Mere Anarchy: Part 20

I felt her queasiness as her words echoed in my head. “No, I don’t remember you ever saying, ‘Hey Cassie, the True have your face.’ I think I’d have remembered that.”

“We just found out. I thought we passed it on. With everything going on, I really don’t remember. It’s not just you though. They also based them on Emmy, the receptionist, and also Stephanie. She was at Stapledon.”

Stepping over to the body and staring down at it, Cassie held up her hand as if waving my comment away even as my implant reminded me that I had passed it on. Continue reading Mere Anarchy: Part 20

Mere Anarchy: Part 10

“Not okay, how?” Haley asked?

“I’ve got fifteen Protection Force people following me. They can’t keep up, but I think one of them might have an Abominator weapon and I think he might catch me.”

Kayla’s voice came over the comm. “Should I have your repair pods cover you?”

I thought about it. “Yes, but don’t start firing yet.”

Haley sighed. “Don’t make her wait too long.” Continue reading Mere Anarchy: Part 10

Mere Anarchy: Part 2

On the off-chance that Lim would have a chance to look at the video, I started it all uploading. At the same time, I found that I didn’t like the coincidence at all. Lim was unavailable on the night where it happened that we were going into Higher Grounds’ offices?

Lim had a habit of being sent into situations where he couldn’t talk. That wasn’t unusual. It seemed inevitable when you considered that a big part of his job was acting as a government liaison too superheroes. All the same, knowing that the Nine had infiltrated the FBI made me worry. Continue reading Mere Anarchy: Part 2

Deeper In: Part 4

“It’s complicated,” I said, and after a pause to put the story together in my head, I told her about Sandy and Emmy, Victor, the birthing chamber, the ansible, and the walk down the beach. I didn’t mention everything Kals had told me because if there were ever a time to go into that, it wasn’t now.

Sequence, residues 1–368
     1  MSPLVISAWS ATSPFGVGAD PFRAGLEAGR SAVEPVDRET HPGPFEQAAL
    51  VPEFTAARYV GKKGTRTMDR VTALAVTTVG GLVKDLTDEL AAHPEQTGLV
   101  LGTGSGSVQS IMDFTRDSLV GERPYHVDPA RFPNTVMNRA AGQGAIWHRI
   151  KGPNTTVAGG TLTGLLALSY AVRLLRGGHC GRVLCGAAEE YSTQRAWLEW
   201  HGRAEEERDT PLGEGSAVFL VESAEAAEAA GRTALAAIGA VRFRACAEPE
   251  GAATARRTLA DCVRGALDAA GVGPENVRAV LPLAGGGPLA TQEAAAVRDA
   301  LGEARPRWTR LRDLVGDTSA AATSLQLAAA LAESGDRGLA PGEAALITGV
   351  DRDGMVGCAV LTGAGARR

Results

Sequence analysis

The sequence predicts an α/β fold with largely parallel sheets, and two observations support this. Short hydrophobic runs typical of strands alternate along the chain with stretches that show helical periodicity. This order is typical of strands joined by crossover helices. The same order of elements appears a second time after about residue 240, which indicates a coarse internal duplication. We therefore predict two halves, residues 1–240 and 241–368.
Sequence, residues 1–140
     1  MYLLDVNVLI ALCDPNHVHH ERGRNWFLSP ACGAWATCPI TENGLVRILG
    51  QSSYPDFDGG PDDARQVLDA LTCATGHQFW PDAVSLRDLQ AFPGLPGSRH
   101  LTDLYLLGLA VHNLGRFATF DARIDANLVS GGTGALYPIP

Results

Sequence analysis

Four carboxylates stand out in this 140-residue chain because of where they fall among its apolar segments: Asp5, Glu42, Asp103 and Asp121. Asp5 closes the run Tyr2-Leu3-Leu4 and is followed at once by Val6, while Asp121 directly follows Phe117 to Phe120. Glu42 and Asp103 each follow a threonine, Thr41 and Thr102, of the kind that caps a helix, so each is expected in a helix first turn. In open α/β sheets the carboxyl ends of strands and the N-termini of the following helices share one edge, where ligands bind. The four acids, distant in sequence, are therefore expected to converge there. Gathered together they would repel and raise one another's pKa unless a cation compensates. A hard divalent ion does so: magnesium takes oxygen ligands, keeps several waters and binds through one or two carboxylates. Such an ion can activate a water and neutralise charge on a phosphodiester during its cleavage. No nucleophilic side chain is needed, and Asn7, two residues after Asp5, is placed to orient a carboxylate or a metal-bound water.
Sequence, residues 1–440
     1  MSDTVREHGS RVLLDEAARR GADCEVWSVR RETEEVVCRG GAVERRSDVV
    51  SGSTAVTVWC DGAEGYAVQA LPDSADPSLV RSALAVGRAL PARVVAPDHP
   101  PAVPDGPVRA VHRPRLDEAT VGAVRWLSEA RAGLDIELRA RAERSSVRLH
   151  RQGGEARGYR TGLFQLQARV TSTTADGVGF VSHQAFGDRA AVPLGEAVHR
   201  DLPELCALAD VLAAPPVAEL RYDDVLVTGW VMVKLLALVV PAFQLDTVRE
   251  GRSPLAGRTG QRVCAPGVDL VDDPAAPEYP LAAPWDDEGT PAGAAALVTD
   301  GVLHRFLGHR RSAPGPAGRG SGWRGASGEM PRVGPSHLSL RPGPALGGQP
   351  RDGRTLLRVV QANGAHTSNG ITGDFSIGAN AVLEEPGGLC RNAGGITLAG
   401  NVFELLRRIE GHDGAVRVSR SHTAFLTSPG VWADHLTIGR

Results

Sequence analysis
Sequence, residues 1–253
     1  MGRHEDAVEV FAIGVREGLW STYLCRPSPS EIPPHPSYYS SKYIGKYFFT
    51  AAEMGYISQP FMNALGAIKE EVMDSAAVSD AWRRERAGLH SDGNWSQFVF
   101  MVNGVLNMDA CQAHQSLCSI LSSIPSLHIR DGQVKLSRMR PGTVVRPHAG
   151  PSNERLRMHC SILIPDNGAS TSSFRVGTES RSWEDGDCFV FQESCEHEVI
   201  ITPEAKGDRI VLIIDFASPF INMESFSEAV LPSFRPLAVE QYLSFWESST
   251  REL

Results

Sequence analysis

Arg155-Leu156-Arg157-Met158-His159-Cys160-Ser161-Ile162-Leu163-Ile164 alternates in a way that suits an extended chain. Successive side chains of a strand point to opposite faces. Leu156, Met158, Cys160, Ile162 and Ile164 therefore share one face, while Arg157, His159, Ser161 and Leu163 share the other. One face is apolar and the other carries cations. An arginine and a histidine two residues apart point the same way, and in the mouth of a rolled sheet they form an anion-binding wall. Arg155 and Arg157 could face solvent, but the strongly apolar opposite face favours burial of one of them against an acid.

“So, basically,” I finished, “now everyone’s going to believe we’re an item or want to be.”

Jeremy looked up from grabbing two more pieces of pepperoni pizza. “I did my internship this summer at a physics lab near Chicago. I’m pretty sure nobody was having sex with anybody there and if they were, I don’t want to imagine it.” Continue reading Deeper In: Part 4

Deeper In: Part 3

“I guess,” I said. “I think she’s on our side, but she kind of tricked me into doing what she wanted. I think I’d have been just as uncomfortable with having people think I was cheating on Haley if I’d known she was setting that up. She could have asked me.”

Vaughn glanced right and moved his car into the right lane, roaring past the three cars that had been ahead of us, hitting close to ninety miles per hour as he did it.

On a Saturday morning, the freeway would have been almost empty, but this was Friday around 7 pm in the middle of the city during one of the last weekends of summer.

There were cars—not as many as rush hour, but more than Saturday morning. Vaughn weaved back into the middle lane and I reminded myself that he’d only ever crashed cars when he was drinking and driving. Continue reading Deeper In: Part 3